– do you believe that this hernia will inevitably grow bigger and that a bulge will eventually appear? If so, would it not be better to get it repaired while it is small – particularly as it is symptomatic?
– would you perform surgery on such a hernia?
MemberApril 23, 2018 at 3:12 am
Thank you for your reply!!
My injury happened after an exercise during a workout. I don’t play a sport you mentioned. It was just lifting weights.
My pain is in the same area as my previous inguinal hernia repair (in 2015). No sharp pains. Like an achy and dull pain instead. I feel it with just walking and moving every day. I don’t have pain with coughing, sneezing, sit ups though. I don’t have a bulge. But I would say my pain is in the inguinal canal (as mentioned just previously, same area as my inguinal hernia repair).
Anyways the 2 doctors think it’s a sports hernia but I’m not sure because I don’t have all the symptoms. Is it still possible to have a sports hernia if I don’t have all the characteristics?
Thank you so much!
MemberApril 23, 2018 at 2:08 am
Sports hernias almost always occur in people who enjoy violent sports such as soccer or ice hockey.
I think the most critical factors for the diagnosis of a sports hernia are the pain characteristics and the location of the pain.
Characteristics of the sports hernia pain:
The pain from a sports hernia always occurs during hard exercise such as running, playing soccer, etc.
It also occurs with coughing, sneezing, and sit-up as well..
And the pain sometimes gets worse more after exercise than during exercise,
Some patients have the worst pain at the next day, so they hardly get up from a bed nor get off from a car
And it usually goes away after several days’ rest and comes back easily with an exercise.
Location of the pain:
You feel pain in the inguinal canal without a bulging.
Someone complains of pain around an inguinal area such as over pubic bone, rectus muscle or upper thigh, etc.
But they are not from sports hernias, but from other sports injuries.
So you should localize your pain just in the inguinal canal to be diagnosed as having a sports hernia.
You could, of course, have extra pain around an inguinal area at the same time, but the inguinal pain is essential for a sports hernia diagnosis.
MemberApril 22, 2018 at 4:57 am
What would you say are main symptoms for a sports hernia? I’m not sure if I have one. The doctors are “guessing’ I have one.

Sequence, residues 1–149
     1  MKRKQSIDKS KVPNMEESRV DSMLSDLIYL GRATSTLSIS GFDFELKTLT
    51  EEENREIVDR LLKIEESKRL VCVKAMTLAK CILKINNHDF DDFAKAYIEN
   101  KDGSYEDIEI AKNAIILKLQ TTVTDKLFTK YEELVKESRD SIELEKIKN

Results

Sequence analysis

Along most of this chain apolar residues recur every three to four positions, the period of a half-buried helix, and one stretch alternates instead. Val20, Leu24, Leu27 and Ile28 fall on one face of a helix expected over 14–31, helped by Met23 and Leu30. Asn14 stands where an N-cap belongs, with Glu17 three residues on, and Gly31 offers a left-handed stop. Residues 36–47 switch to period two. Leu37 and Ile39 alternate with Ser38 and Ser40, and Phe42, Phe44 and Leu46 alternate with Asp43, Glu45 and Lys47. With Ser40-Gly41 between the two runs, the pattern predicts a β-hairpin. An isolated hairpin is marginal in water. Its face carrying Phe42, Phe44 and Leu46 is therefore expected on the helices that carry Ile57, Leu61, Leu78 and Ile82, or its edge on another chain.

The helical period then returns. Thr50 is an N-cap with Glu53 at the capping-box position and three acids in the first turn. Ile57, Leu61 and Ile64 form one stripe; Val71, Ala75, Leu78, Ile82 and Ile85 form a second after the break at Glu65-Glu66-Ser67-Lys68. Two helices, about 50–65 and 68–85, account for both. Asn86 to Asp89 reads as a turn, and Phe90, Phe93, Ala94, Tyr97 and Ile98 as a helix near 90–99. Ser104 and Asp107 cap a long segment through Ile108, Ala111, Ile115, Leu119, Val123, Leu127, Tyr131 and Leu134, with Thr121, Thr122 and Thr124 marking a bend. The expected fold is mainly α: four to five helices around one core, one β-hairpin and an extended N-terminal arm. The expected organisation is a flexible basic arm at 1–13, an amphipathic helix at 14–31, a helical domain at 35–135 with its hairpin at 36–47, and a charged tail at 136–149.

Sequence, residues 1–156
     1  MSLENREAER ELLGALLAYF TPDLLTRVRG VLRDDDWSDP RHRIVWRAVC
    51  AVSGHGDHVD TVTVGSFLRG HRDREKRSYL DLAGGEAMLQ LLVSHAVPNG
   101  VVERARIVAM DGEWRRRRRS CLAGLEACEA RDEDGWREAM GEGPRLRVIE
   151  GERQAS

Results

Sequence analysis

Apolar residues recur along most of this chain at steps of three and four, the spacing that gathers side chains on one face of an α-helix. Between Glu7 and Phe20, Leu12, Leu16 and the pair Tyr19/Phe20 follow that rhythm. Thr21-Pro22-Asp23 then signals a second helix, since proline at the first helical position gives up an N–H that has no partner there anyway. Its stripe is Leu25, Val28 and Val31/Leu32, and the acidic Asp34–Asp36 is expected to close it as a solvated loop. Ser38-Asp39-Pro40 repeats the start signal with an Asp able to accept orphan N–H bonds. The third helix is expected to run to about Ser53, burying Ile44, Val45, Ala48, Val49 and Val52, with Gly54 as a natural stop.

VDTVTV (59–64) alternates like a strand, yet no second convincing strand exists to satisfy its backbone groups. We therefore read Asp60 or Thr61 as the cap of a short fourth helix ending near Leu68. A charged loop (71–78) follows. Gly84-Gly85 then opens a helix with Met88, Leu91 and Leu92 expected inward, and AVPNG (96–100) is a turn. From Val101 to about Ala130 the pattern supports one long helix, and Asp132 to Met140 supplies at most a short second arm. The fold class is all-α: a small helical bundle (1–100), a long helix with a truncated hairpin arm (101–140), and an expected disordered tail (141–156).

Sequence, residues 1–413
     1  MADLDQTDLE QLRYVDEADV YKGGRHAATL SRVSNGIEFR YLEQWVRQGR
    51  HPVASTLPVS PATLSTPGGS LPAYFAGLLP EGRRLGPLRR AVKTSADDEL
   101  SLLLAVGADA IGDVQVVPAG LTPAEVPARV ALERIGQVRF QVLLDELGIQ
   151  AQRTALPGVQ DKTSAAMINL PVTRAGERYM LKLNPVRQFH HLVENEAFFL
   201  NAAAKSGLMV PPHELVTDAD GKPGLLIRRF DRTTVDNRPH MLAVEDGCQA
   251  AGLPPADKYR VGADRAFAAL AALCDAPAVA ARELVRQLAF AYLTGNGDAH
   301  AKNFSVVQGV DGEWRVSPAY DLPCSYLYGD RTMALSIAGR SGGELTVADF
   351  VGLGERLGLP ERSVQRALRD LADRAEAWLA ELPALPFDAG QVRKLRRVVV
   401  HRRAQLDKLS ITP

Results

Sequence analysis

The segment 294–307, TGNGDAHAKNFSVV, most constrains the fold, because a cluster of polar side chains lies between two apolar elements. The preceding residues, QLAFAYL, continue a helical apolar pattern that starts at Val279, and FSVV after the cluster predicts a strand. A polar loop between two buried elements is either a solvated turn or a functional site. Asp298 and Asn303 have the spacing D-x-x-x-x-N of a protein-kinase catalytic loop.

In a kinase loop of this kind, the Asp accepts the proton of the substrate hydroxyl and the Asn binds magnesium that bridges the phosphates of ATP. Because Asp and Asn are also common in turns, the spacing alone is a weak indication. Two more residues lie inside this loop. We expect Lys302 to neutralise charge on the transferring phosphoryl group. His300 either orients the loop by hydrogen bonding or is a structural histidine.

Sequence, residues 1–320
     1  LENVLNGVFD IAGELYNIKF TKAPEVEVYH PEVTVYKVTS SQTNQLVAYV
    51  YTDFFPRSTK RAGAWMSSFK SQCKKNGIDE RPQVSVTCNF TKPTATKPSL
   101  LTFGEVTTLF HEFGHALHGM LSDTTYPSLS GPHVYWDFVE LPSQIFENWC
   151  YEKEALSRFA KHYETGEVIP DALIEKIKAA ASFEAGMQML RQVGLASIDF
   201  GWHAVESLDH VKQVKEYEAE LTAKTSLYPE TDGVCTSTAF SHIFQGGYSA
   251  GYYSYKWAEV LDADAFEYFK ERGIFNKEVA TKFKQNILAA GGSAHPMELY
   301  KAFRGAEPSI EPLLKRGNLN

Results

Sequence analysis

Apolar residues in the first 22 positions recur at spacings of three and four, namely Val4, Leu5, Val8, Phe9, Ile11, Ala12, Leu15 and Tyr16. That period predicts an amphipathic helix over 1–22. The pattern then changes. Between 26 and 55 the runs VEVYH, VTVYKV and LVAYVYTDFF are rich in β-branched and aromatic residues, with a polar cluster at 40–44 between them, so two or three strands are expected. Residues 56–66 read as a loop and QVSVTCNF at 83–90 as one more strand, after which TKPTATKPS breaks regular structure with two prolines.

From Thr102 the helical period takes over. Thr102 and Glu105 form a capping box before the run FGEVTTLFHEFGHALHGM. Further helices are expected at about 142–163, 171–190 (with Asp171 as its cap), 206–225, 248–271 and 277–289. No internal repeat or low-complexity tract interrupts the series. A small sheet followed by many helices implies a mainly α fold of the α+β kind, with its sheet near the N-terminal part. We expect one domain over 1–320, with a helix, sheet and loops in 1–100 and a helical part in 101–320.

Thank you, Dr. Kang!
MemberApril 21, 2018 at 11:53 pm
Yes, about 30% of my hernia patients complained of pain together with a hernia bulging.
And occasionally, I have some patients who had inguinal pain for some periods before they finally got the visible inguinal hernias.
But I don’t do the hernia repairs without the sonographic diagnosis of inguinal hernias, even if they complain of inguinal discomfort.
Of course, the sports hernia is a different story.
Actually I don’t know exactly what the ‘hidden hernia’ means, I am afraid.
MemberApril 17, 2018 at 1:50 am
Do you have any particular experience with patients who have painful hernias? And separately, do you have experience treating patients with chronic groin pain that is possibly related to a hernia, like the “hidden hernia” phenomena? And if so, has your method been effective for treating those patients to find pain relief?
Thanks in advance, though this may be better suited for a new topic thread.
MemberApril 16, 2018 at 5:04 pm
Thanks, I appreciate the reply and explanation! Figured I was somehow envisioning things in an oversimplified way.
MemberApril 16, 2018 at 8:11 am
I understand what you mean but that kind of approach probably increases the risk of recurrence a lot.
The internal inguinal ring is located about 2cm apart from the external inguinal ring upwardly and outwardly.
So it would be very difficult to manage the hernia sac and to fix the internal inguinal ring correcty just through the external inguinal ring without making an incision at the overlying external oblique aponeurosis.
And that kind of approach needs the larger incision and puts more damage to the surrounding tissue during operation, resulting in more pain after operation and longer recovery time, etc.
I think there is no advantage at all
So I wouldn¡¯t try that kind of approach.
Log in to reply.